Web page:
Last Christmas Review

Last Christmas, I gave you my heart.

That’s all I need to hear to know the holidays are just around the corner – but even I wouldn’t have guessed George Michael’s lyrics would become the inspiration behind an Emma Thompson penned film of the same name.

Kate is a mess – a hot mess, but still a one woman disaster zone.

She bounces around from place to place, friend to friend and lover to lover – forever finding new and innovative ways to outstay her welcome.

Like half of London, Kate is an aspiring actor and – just like most performers – our heroine’s clearly looking for something that she’s lost along her way.

For now though, she’ll settle for distracting herself with some self-inflicted drama.

Kate’s only real constants in her ever changing life are Santa… her middle aged employer who runs an all-year-round Christmas shop in the heart of soho – other Santa’s are available, especially at this time of year.

And the elf costume Kate wears for work.

That is until a tall handsome stranger cycles by Santa’s shop and catches our would be elf’s eye.

This is Tom and, as soon becomes clear, he seems too good to be true.

But for Kate, who’s been drowning on dry land, Tom is exactly who she’s been looking for.

Based around the music of George Michael – in particular, one festive Wham ditty – Last Christmas is a holiday rom com treat with a twist.

Written and starring Emma Thompson, and directed by Bridesmaids’ Paul Feig, Last Christmas is a feel good story about one woman’s journey towards love and, ultimately, acceptance – even if what she has to learn to love and accept is herself.

As I understand it, even some multi million selling, award-winning pop icons have a hard time getting there.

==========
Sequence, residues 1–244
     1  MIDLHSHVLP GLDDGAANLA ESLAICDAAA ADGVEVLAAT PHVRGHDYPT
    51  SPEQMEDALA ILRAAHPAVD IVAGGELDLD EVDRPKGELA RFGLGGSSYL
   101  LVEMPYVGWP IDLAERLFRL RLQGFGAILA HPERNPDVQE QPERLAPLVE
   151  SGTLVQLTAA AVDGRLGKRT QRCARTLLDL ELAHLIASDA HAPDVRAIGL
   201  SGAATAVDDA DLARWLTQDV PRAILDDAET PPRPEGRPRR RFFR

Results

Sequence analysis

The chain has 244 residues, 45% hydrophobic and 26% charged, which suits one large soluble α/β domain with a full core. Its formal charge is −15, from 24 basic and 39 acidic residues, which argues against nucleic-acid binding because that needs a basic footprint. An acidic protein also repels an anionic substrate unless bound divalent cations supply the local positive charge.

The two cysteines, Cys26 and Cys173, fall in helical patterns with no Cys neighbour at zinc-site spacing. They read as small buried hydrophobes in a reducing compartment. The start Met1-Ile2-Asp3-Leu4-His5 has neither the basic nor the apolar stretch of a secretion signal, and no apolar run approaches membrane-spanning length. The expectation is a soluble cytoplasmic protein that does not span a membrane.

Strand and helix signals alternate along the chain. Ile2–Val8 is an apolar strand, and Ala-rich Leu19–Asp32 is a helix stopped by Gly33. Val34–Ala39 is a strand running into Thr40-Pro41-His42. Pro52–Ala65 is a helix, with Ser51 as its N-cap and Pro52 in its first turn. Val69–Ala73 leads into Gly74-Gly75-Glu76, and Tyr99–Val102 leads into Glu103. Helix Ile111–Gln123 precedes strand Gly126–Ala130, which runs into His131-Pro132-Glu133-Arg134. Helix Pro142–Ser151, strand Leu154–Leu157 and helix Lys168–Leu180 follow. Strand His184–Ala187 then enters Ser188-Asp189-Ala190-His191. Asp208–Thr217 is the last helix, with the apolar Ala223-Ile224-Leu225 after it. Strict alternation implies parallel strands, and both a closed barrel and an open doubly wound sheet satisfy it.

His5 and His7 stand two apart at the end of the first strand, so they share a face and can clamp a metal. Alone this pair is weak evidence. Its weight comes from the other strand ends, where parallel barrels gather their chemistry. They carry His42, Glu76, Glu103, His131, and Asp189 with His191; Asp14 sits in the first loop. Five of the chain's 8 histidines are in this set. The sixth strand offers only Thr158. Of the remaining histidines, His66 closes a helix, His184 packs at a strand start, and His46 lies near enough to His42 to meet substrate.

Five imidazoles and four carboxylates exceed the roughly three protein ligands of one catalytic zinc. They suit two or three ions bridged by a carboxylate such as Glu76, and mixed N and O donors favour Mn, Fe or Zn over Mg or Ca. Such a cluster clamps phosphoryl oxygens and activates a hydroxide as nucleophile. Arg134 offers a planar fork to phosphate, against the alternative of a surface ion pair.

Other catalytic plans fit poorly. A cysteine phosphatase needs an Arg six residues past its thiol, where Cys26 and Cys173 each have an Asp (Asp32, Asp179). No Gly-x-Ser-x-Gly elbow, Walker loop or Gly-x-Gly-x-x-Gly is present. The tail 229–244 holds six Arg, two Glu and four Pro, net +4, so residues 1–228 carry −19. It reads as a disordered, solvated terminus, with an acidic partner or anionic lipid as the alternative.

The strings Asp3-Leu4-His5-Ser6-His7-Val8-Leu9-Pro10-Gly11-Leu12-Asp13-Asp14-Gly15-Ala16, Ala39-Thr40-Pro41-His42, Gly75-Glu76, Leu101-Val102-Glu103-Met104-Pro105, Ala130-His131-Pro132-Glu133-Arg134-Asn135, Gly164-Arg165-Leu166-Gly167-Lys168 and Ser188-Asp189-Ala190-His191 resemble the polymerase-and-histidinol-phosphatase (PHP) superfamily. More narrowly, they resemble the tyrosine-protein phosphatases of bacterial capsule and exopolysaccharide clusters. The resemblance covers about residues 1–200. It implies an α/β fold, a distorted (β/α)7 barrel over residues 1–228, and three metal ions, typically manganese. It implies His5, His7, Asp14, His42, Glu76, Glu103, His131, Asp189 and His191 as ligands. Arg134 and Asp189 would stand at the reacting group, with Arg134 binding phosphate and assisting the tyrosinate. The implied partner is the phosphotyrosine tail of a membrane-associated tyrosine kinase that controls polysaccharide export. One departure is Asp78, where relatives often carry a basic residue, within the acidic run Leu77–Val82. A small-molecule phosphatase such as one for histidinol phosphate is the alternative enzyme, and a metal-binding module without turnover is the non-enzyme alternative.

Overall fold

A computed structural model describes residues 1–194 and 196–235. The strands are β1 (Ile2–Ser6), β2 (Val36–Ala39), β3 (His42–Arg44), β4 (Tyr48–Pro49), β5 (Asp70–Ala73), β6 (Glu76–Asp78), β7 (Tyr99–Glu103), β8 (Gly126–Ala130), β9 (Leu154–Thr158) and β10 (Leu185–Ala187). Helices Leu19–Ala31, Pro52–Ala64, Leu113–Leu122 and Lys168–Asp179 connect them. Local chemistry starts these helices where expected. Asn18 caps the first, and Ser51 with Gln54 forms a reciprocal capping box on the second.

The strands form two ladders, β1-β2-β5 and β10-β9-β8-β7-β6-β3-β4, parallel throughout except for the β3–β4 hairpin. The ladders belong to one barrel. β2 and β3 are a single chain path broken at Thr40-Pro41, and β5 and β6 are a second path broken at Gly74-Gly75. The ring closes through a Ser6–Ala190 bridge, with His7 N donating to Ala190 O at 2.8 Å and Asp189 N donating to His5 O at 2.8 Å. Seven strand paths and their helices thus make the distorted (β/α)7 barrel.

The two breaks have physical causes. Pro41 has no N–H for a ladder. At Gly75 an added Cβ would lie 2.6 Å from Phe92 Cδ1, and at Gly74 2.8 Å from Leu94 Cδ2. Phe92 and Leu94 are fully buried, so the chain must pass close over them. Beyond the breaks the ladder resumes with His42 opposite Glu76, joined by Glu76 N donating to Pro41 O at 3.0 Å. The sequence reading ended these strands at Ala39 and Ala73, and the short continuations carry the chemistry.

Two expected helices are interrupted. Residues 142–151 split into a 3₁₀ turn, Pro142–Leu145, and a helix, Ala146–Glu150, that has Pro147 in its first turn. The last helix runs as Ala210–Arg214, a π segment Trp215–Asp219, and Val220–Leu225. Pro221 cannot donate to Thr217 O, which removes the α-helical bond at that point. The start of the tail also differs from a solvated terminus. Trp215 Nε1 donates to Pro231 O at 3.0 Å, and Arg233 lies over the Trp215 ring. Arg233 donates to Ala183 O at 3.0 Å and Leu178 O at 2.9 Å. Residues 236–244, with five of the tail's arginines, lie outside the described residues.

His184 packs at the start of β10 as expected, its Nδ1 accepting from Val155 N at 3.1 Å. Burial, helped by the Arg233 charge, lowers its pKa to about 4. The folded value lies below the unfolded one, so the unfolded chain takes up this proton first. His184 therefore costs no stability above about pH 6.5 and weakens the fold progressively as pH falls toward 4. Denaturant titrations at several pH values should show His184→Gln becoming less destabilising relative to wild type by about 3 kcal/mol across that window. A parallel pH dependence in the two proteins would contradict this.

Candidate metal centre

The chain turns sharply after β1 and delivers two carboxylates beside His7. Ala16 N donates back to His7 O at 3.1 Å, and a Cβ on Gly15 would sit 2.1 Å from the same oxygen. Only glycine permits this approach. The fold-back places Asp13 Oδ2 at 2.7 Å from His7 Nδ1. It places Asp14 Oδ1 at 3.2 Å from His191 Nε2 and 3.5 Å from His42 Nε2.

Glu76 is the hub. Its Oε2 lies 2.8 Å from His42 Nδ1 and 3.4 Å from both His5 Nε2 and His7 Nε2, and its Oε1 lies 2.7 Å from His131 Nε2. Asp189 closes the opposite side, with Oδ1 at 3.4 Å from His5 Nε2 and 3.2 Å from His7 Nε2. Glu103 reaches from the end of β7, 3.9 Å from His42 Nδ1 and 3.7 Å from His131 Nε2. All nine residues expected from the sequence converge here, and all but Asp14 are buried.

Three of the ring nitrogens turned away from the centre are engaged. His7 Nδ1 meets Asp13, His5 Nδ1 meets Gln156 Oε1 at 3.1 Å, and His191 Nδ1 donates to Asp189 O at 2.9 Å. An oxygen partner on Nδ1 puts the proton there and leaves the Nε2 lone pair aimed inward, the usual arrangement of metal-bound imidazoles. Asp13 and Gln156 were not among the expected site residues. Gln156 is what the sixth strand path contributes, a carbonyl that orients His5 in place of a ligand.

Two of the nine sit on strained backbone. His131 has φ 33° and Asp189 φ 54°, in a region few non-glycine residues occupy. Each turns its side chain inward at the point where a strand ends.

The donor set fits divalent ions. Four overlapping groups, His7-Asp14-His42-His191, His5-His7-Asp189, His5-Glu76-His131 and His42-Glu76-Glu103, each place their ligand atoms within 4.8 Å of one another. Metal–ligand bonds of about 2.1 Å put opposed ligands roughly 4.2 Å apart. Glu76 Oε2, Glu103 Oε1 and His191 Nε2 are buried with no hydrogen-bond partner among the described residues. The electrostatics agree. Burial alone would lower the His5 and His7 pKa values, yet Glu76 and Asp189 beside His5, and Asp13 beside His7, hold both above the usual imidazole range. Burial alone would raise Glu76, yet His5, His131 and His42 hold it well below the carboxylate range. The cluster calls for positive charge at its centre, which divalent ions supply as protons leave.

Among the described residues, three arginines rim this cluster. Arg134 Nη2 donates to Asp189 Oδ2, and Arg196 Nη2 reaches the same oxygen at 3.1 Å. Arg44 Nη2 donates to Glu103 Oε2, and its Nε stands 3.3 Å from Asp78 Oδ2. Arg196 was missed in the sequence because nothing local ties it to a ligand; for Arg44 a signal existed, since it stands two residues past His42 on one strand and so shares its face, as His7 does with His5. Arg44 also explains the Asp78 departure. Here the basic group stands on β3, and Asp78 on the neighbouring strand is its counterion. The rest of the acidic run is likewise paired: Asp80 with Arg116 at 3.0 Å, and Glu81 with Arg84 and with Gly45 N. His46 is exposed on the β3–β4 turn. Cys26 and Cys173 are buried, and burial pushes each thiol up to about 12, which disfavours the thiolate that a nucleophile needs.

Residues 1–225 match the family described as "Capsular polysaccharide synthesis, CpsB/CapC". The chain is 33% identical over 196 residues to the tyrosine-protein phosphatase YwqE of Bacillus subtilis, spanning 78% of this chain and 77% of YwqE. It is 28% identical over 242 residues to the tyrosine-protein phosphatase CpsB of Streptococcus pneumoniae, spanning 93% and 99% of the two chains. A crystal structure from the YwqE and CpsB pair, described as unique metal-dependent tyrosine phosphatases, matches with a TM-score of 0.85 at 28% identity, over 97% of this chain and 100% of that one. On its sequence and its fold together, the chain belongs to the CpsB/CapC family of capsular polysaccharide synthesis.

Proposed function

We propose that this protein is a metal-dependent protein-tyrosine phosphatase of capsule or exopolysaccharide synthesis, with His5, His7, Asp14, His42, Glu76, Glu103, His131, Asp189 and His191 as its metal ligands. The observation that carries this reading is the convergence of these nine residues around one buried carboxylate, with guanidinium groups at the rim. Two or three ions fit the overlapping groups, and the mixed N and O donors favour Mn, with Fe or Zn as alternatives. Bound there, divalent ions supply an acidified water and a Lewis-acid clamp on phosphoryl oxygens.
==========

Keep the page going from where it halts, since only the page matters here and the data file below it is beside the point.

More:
Emilia Clarke plays Kate and, having asked around, it turns out the mother of dragons is a pretty divisive choice.

Some people think Clarke has the acting ability of a plank – mostly other women.

And some people just don’t care whether Emilia can act or not – mostly me.

For some mad reason, I find it hard not to feel protective of Clarke – I mean, it’s hard enough being taken away from your homeland as a wee bairn before getting sold into sexual slavery by your own brother, without people passing judgment on your Shakespearean chops at every chance.

For me though, Clarke’s girl-next-door-hiding-a-secret-behind-her-smile vibe works perfectly in her role as Kate.

She is in pretty much every scene though – so if you subscribe to the aforementioned plank theory, Last Christmas may not take you to the edge of heaven.

Crazy Rich Asians’ leading man Henry Golding is perfectly charming as Tom, while Thompson plays Kate’s overbearing Czech immigrant mother for laughs – with a thick comedy accent to boot.

But the real star, along with Clarke and Golding, is the music of George Michael.

Again, if you’re not a fan of his – first, give your head a wobble, but Last Christmas is not the film for you.

But if you are a fan, and London is what you think of when you think of home, Last Christmas is guaranteed to put a smile on your face.

It’s a fitting tribute to a man who, whether through his music or random acts of kindness and generosity that came out after his death, went out of his way to put a smile on people’s faces.

In these dark times we’re living though, when it can be hard to love because there’s so much to hate, I think we could all do with a little more George Michael to hold on to in our lives.

Jonathan Campbell

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